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$$ \lim_{x\to 1} \frac{1}{x^2+2} = \frac{1}{3} $$

I'm having a problem proving this using $\epsilon-\delta$ proofs. For some reason When I solve for $\epsilon$, I get a negative number. Since this value is supposed to equal $\delta$ and $\delta$ can't be negative I'm not sure how to move forward. Thanks!

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Since$$\frac1{x^2+2}-\frac13=\frac{1-x^2}{3(x^2+2)}=-(x-1)\frac{x+1}{3(x^2+2)},$$the first thing to do is to choose $\delta'$ such that, when $|x-1|<\delta'$, $\left|-\frac{x+1}{3(x^2+1)}\right|$ is not large. Take $\delta'=\frac12$, for instance. Then $|x+1|<\frac52$ and $x^2+2>\frac94$. Therefore,$$\left|-\frac{x+1}{3(x^2+2)}\right|<\frac{10}{27}.$$So, take $\delta=\min\left\{\frac{27}{10}\varepsilon,\frac12\right\}$.

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  • $\begingroup$ The first equality is false. $\endgroup$ – Gribouillis Oct 11 '17 at 19:28
  • $\begingroup$ @Gribouillis Thanks. I've edited my answer. $\endgroup$ – José Carlos Santos Oct 11 '17 at 20:33
  • $\begingroup$ It is still false! $\endgroup$ – Gribouillis Oct 11 '17 at 20:49
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    $\begingroup$ @Gribouillis Not anymore… I hope! $\endgroup$ – José Carlos Santos Oct 11 '17 at 22:23
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For a given $\epsilon$, choose $\delta$ such that $$\frac{\delta(\delta+2)}{2}<\epsilon.$$ Then, if $$|x-1|<\delta$$ then $$|x|<\delta+1$$ and so $$|x+1|\leq|x|+1<\delta+2.$$

So (from the hint you received in the comments) $$\left|\frac{1}{x^2+2}-\frac{1}{3}\right|\leq\frac{|1-x^2|}{2}<\epsilon.$$

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When $x, y\in [0, 2]$, one has

$$\left|\frac{1}{x^2+2} - \frac{1}{y^2+2}\right| = \left|y-x\right| \frac{y+x}{(x^2+2)(y^2+2)}\le |y-x|\frac{4}{4} \le |y-x| $$ Take $y = 1$ and $\delta = \epsilon$.

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  • $\begingroup$ This seems more appropriate for proving uniform continuity of $f(x) =1/(x^{2}+2)$ on $[0,2]$. $\endgroup$ – Paramanand Singh Oct 11 '17 at 18:19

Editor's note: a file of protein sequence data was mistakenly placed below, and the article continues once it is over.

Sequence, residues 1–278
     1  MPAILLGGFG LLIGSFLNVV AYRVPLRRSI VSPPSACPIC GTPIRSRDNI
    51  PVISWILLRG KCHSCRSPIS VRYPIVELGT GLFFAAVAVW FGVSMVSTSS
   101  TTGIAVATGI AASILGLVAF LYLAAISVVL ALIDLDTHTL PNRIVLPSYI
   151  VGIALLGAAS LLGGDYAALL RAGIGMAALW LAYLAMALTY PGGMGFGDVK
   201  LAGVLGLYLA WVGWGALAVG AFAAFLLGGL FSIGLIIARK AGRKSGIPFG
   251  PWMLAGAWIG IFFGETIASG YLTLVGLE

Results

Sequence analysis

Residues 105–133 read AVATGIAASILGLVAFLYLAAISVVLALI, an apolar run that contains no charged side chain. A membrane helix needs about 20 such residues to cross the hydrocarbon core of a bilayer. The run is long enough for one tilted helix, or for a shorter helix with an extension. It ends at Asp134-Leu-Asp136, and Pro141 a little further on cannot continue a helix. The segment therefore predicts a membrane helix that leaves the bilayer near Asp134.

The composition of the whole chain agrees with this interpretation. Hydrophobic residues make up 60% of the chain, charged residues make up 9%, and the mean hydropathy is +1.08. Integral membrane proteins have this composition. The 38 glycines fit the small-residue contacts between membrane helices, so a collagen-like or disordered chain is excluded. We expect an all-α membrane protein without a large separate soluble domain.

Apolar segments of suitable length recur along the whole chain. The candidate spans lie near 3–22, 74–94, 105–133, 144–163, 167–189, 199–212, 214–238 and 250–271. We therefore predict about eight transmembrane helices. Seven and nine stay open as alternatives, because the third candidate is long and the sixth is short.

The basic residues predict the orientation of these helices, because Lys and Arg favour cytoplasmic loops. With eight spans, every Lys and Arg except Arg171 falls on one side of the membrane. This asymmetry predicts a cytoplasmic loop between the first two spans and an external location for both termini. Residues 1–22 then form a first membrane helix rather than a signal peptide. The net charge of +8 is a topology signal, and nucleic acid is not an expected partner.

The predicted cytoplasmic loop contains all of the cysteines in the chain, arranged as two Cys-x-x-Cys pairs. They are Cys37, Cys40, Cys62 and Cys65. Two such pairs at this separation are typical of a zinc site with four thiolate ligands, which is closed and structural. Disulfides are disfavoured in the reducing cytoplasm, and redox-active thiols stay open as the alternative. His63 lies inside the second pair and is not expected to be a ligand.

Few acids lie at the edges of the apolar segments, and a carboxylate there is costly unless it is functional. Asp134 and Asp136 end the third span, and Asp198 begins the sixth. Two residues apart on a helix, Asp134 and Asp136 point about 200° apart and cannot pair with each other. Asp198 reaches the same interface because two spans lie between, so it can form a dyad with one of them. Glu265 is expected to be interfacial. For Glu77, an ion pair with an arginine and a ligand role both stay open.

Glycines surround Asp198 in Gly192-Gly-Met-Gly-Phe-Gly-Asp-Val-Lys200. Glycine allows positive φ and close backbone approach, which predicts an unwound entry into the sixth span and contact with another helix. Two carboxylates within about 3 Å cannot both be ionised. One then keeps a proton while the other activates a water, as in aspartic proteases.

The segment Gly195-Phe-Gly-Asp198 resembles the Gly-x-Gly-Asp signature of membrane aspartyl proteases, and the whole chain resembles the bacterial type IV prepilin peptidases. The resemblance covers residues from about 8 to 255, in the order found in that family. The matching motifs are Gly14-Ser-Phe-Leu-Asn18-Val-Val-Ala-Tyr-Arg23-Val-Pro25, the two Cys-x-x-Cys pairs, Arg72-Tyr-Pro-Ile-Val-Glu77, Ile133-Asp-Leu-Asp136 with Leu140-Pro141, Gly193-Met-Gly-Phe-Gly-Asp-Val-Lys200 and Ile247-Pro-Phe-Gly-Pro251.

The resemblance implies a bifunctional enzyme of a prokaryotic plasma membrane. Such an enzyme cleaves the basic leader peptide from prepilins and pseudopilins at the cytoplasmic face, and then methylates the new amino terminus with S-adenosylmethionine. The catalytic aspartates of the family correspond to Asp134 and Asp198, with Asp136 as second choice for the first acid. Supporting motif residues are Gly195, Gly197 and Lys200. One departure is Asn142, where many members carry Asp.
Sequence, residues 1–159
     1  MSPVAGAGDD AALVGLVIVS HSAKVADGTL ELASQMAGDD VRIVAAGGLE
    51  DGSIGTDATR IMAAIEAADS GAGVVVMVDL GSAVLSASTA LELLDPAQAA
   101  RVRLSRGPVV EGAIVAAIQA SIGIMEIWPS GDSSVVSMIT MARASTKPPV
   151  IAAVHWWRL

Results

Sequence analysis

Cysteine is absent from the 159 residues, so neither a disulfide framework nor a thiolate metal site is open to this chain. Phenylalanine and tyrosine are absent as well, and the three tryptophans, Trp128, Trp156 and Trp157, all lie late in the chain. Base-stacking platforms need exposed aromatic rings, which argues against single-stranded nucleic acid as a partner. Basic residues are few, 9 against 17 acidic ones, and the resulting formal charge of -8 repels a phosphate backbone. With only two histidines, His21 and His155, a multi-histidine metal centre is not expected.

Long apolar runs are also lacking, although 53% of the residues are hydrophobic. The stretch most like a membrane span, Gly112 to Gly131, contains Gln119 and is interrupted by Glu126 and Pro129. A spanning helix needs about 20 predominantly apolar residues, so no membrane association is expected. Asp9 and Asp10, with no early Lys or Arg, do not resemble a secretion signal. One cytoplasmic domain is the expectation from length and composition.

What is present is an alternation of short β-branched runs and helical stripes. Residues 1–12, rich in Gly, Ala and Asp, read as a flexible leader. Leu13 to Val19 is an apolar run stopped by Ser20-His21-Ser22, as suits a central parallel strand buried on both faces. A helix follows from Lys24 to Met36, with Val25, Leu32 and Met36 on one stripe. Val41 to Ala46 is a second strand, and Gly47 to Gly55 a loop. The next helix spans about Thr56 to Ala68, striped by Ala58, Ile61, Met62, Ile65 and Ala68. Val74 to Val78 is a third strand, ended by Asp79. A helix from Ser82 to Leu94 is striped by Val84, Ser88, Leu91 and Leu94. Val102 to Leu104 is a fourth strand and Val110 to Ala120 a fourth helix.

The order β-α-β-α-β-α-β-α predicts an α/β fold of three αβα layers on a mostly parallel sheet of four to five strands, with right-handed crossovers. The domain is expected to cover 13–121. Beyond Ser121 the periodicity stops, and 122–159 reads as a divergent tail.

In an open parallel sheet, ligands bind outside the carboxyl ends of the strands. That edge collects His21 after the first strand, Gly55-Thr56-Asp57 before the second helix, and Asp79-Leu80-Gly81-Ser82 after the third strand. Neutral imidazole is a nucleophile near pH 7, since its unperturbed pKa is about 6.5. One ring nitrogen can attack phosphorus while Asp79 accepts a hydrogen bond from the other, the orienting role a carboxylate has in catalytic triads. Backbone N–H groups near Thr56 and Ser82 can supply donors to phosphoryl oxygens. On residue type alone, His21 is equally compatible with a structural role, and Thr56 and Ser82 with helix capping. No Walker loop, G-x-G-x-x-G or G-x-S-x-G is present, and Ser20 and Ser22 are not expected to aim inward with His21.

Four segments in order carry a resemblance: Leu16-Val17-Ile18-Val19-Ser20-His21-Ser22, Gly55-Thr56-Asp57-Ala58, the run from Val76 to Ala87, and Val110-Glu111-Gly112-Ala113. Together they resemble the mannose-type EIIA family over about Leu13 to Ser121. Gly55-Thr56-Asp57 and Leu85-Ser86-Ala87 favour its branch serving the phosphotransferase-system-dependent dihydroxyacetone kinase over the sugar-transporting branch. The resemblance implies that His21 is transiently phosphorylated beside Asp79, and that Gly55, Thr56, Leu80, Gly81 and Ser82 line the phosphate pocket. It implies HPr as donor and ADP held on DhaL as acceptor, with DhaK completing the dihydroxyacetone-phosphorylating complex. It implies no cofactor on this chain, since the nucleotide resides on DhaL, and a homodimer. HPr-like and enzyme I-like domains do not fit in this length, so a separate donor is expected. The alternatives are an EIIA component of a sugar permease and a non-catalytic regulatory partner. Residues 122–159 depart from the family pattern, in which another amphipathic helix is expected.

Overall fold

• $\begingroup$ @ParamanandSingh This indeed gives a uniform $\epsilon - \delta$ proof on $[0, 2]$, but it also solves the initial question. $\endgroup$ – Gribouillis Oct 11 '17 at 19:28
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The problem is that “solving for $\epsilon$” is too restrictive in general. Let's unpack @mfl's hint. $$ \left| \frac{1}{x^2+2} - \frac{1}{3} \right| = \left|\frac{1-x^2}{x^2+2}\right| = \left|\frac{(x-1)(x+1)}{x^2+2}\right| = |x-1|\cdot |x+1| \cdot \frac{1}{x^2+2} $$ We want to make this product smaller than $\epsilon$. The only factor we can control directly is $|x-1|$; we can choose any $\delta$ we want to make that small. The trick is to control the other factors based on the assumption that $|x-1|<\delta$.

One factor is easy: $x^2 \geq 0$ for all $x$, so $x^2 + 2 \geq 2$ for all $x$, so $\frac{1}{x^2+2} \leq \frac{1}{2}$ for all $x$.

To control $|x+1|$, notice that \begin{gather*} |x-1| < \delta \implies -\delta < x-1 < \delta \\ \implies 1-\delta < x < 1+\delta \\ \implies 2-\delta < x+1 < 2+\delta \\ \end{gather*} If we know that $\delta \leq 1$, we can say $1 < x+1 < 3$, so $|x+1|<3$.
[We could use any positive number in place of $1$, but $1$ is the traditional choice.] This would give us $$ \left| \frac{1}{x^2+2} - \frac{1}{3} \right| < \delta \cdot 3 \cdot \frac{1}{2} = \frac{3}{2}\delta $$ If we know also that $\delta \leq \frac{2}{3}\epsilon$, we can conclude that the right-hand side above is $<\epsilon$, and that's exactly what we want.

We can choose $\delta$ as small as we need; how can we ensure that both $\delta \leq 1$ and $\delta \leq \frac{2}{3}\epsilon$? By setting $$ \delta = \min\left\{1,\frac{2}{3}\epsilon\right\} $$


This is not the end; you still need to write it up “forwards.” But hopefully it does explain how to work around quotients and other factors.

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For every $\epsilon \gt 0$ there exists a $\delta \gt 0$ such that

$|x-1| \lt \delta$ implies $|\dfrac {1}{x^2+2} -1/3| \lt \epsilon$.

$F(x):=$

$|\dfrac {1}{x^2+2} -1/3| = |\dfrac {1-x^2}{x^2+2}| =$

$|\dfrac {(1-x)(1+x)}{x^2+1}|.$

Let $0\lt x \lt 2$, then $1 \lt |1+x| \lt 3,$

and $|x-1| \lt 1.$

Choose $\delta = \min ( (2/3) \epsilon, 1)$.

$|x-1| \lt \delta$ implies

$|F(x)| = |\dfrac{(1-x)(1+x)}{x^2+2}| \lt$

$|\dfrac{(1-x)(1+x)}{2}|\lt$

$(1/2)3\delta =\epsilon$.

Note: Quite straight forward, only the term $|1+x|$ needs extra attention.

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